This view is not consistent with historic Christianity, let alone biblical. The Early Church Fathers, the Medieval Scholars, and the Protestant Reformers believed that faith fits the biblical view of reason. In this posting, I want us to consider the reasonableness of faith, keeping in mind that our finite human intellect is not able to fully grasp infinite divine truth. At the same time, let us also bear in mind that something cannot be fully understood by reason does not mean that it is unreasonable. There are some things that we cannot comprehend, but with a little effort, that which is not fully understood can be apprehended.
That being said, let's consider four points about the relationship between faith and reason.
First, our reasoning capacity is part of the image of God in each and everyone of us. Human rationality reflects our Creator's rationality. Using our mind is a God given, God glorifying endeavor, revealing in a semi-transcendent way, God's nature. The greatest commandment recorded in the Hebrew Shema (Deuteronomy 6:4-5) and in Jesus' application of it in Matthew 22:37, it commands us to love God with all our heart, all of our soul, and all of our minds; ultimately with our whole being. We love God pursuing truth, reasoning well, and rejecting falsehood.
Second, faith is not unreasonable. Nothing is inherently irrational about believing Jesus Christ is God Son, who died to pay for our sins. Skeptical folks may call this foolish (1 Corinthians 1:18), but they cannot demonstrate their objection (1 Corinthians 1:25). The Protestant Reformers rationally explained the threefold nature saving faith: knowledge, belief, and trust. They had a knowledge of the truth facts of the gospel. There was a belief or an assent to the truth of that gospel. And there was an act of the will to trust Christ alone for our justification. We are saved by faith, but the mind plays a significant role in that faith. We hear, process and respond to the gospel by using our minds. Faith and reason cannot be separated.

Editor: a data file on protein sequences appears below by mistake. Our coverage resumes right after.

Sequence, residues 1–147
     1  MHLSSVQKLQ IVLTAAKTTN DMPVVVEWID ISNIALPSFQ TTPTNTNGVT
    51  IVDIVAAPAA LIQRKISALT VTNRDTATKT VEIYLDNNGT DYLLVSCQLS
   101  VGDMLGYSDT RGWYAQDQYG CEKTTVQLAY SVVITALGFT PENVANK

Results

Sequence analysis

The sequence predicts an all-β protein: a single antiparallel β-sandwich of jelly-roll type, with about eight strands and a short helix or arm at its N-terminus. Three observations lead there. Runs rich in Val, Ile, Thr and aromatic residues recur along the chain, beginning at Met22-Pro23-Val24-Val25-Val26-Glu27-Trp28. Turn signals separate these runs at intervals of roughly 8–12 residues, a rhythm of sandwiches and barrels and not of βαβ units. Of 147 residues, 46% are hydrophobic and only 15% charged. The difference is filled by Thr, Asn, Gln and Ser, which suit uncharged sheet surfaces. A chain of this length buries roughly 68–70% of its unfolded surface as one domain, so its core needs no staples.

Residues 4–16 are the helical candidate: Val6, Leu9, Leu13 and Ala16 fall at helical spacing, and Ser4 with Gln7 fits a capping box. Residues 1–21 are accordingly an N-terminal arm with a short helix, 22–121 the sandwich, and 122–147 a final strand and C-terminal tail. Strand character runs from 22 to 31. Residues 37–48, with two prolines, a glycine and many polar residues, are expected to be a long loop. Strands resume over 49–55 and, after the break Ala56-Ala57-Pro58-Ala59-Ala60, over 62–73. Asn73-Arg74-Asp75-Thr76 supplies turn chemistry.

Third, the Christian faith is distinct from other kinds of faiths, which are not reasonable. For example, the Mormons, the Jehovah's Witnesses, and those who embrace some kind of world religion have a type of faith, but none of them can hold up under serious scrutiny. Biblical historical Christianity is able to survive the most rigorous scrutiny and strenuous investigation by standing on hard factual evidence which can be rationally judged, and verified. The God of the Bible exists; He sent His Son to this world to die and by believing in Jesus Christ a person may receive forgiveness and justification and eternal life. This is all supported by evidence. Faith is not a blind leap in the dark, but it is a head first dive into the deep end of the light of Christ.
Lastly, some Christian teachings are a mystery and are beyond finite understanding. Doctrines such as the Trinity (God's single essence yet threefold personhood) and the Incarnation of Jesus Christ (two natures, one fully divine and the other fully human, in one person) are profound mysteries. Even though we cannot fully understand them, they are not contradictions. They violate no formal laws of logic. We may not be able to fully comprehend them with our finite minds, but we can apprehend them by faith. This does not render the Christian faith irrational.
To summarize, faith and reason do not compete with each other as incompatible notions. Throughout the history of the Christian church, there has been a high view of the use of reason in the life of the redeemed. The Christian should use his or her mind to glorify God by diligently pursuing and knowing truth, by thinking clearly and properly and by rejecting falsehood. Christianity, unlike its competitors, is a reasonable faith and we should value reason as one of greatest gifts God has given us.